The information contained in the greater Mississippi State University data set regarding response of soybean to fungicide application suggests that triazole products applied at R3/R4 do not provide near the yield benefit as do the strobilurin containing fungicides.  The fungicides that contain stand-alone triazoles are outstanding products but they should be relied on for specific uses such as managing for yield loss as a result of frogeye leaf spot or a disease such as soybean rust.

Information regarding the specific classes of fungicides labeled for use in soybean production systems can be located at:

The information contained in this particular post will help guide you through the classification of fungicides used in soybean systems to manage losses as a result of foliar fungal diseases.  Keep in mind there may be some generic fungicide products that are not contained in the associated tables; however, the general information regarding classification of active ingredients (either strobilurin or triazole) will help determine the specific fungicide classes.

Suggested R3/R4 application strategies for 2013

To date, there are three different scenarios that may present themselves in soybean production systems.  First and foremost, the most important thing to determine is whether or not a specific variety is susceptible or tolerant/resistant to the frogeye leaf spot fungus.  To benefit from the information contained below you will need to determine this information.  In the past, we have done a good job of managing frogeye leaf spot by planting resistant varieties.  However, over the past few seasons extremely susceptible varieties have been made commercially available and even though they are outstanding yielders, they increase the likelihood of the development of fungicide-resistant frogeye leaf spot since they are extremely susceptible to the fungus.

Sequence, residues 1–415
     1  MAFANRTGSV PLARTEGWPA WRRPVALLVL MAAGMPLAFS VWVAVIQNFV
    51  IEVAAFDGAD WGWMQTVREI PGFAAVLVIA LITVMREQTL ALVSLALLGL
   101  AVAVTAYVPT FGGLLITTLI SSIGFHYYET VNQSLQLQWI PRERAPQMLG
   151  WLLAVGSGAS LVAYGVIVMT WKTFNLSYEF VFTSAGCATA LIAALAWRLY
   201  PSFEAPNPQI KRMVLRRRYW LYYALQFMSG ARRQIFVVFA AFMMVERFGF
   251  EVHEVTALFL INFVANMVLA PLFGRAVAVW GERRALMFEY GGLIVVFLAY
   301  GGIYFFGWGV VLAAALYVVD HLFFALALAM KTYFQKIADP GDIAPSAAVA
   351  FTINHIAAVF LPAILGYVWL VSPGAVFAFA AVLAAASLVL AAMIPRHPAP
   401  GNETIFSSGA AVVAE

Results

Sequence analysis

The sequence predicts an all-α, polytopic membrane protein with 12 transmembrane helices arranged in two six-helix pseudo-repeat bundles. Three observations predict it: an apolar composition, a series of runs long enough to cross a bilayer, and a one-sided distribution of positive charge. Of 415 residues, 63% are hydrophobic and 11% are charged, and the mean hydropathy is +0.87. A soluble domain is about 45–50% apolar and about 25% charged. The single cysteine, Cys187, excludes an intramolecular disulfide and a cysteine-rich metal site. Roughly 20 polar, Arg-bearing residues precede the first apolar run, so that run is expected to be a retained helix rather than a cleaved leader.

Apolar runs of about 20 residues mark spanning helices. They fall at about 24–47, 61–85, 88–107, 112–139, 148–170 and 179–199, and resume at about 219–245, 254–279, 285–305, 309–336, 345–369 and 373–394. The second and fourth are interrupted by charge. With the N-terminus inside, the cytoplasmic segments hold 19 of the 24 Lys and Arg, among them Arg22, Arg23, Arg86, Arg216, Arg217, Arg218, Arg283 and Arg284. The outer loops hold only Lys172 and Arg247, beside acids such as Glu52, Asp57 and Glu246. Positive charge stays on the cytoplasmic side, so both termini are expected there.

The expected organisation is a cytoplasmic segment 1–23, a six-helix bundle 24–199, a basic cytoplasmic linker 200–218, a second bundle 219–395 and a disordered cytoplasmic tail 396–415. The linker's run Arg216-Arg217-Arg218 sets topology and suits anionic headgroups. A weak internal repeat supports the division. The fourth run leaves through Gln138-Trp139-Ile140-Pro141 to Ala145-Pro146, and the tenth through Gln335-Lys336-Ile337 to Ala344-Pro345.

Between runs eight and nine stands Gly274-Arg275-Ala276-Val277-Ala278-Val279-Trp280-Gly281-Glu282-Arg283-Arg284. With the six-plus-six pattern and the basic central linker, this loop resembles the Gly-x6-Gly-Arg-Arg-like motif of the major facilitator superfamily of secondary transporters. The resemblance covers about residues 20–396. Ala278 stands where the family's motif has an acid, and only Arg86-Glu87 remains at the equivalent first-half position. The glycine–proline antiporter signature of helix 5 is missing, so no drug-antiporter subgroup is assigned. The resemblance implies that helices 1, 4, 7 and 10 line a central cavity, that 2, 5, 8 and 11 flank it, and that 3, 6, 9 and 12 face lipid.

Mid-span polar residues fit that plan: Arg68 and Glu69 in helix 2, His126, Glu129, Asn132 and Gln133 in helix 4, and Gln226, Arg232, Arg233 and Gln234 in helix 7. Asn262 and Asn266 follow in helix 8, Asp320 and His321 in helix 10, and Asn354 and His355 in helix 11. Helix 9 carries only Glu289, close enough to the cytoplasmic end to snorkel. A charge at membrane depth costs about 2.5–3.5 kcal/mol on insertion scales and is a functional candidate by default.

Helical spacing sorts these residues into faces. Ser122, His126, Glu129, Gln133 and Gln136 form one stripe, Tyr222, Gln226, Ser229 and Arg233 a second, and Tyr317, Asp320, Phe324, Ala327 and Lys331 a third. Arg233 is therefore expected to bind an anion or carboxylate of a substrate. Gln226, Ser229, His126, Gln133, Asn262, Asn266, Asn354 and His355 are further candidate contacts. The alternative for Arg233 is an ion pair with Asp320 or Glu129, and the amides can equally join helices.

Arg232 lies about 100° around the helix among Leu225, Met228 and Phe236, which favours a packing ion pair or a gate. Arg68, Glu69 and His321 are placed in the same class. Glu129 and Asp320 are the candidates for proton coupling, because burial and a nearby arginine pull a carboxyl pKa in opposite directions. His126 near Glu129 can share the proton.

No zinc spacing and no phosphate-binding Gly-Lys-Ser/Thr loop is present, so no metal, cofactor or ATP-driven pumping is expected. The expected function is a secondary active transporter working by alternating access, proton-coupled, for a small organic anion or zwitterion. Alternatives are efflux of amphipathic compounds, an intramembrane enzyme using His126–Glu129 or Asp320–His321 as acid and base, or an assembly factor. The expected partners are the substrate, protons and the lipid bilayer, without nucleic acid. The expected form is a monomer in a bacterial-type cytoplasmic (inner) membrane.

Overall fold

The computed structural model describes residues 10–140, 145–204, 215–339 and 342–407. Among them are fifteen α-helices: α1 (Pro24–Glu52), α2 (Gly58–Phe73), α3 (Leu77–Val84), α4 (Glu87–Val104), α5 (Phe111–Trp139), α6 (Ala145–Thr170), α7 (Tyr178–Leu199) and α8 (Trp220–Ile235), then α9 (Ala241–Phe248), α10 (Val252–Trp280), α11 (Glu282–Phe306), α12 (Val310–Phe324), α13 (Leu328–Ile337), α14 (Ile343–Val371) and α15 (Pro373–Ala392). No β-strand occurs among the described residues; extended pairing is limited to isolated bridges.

1.     In situations where a frogeye susceptible variety is planted in a continuous soybean cropping system and NO frogeye is present at the desired time of fungicide application.  For the R3/R4 fungicide application, if you absolutely have to make a fungicide application and expect to receive the general benefit associated with a fungicide application made at that particular timing, rely on a product that contains a strobilurin + triazole (or strobilurin + carboximide).  If frogeye is present in the field at the time of application and it appears that the disease gets worse after application please call so we can come retrieve leaf samples for fungicide-resistance analysis.

2.     In situations where a frogeye tolerant/resistant variety are planted in a continuous, irrigated soybean cropping system.  For the R3/R4 fungicide application relying on a stand-alone strobilurin will still be an acceptable practice IF a frogeye tolerant/resistant variety has been planted.  If you know your specific variety and need help verifying whether or not the variety is susceptible or resistant please don’t hesitate to call.

3.      In situations where a frogeye susceptible variety are planted in a continuous soybean cropping system and frogeye HAS BEEN DETECTED.  If you are going to make an R3/R4 fungicide application and frogeye has already been detected in a field of  a frogeye susceptible soybean variety then making a fungicide application with a labeled triazole fungicide could reduce the likelihood of a yield loss.

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Tom Allen, Extension Plant Pathologist
By Tom Allen, Extension Plant Pathologist and Trent Irby, Extension Soybean Specialist June 1, 2013 14:26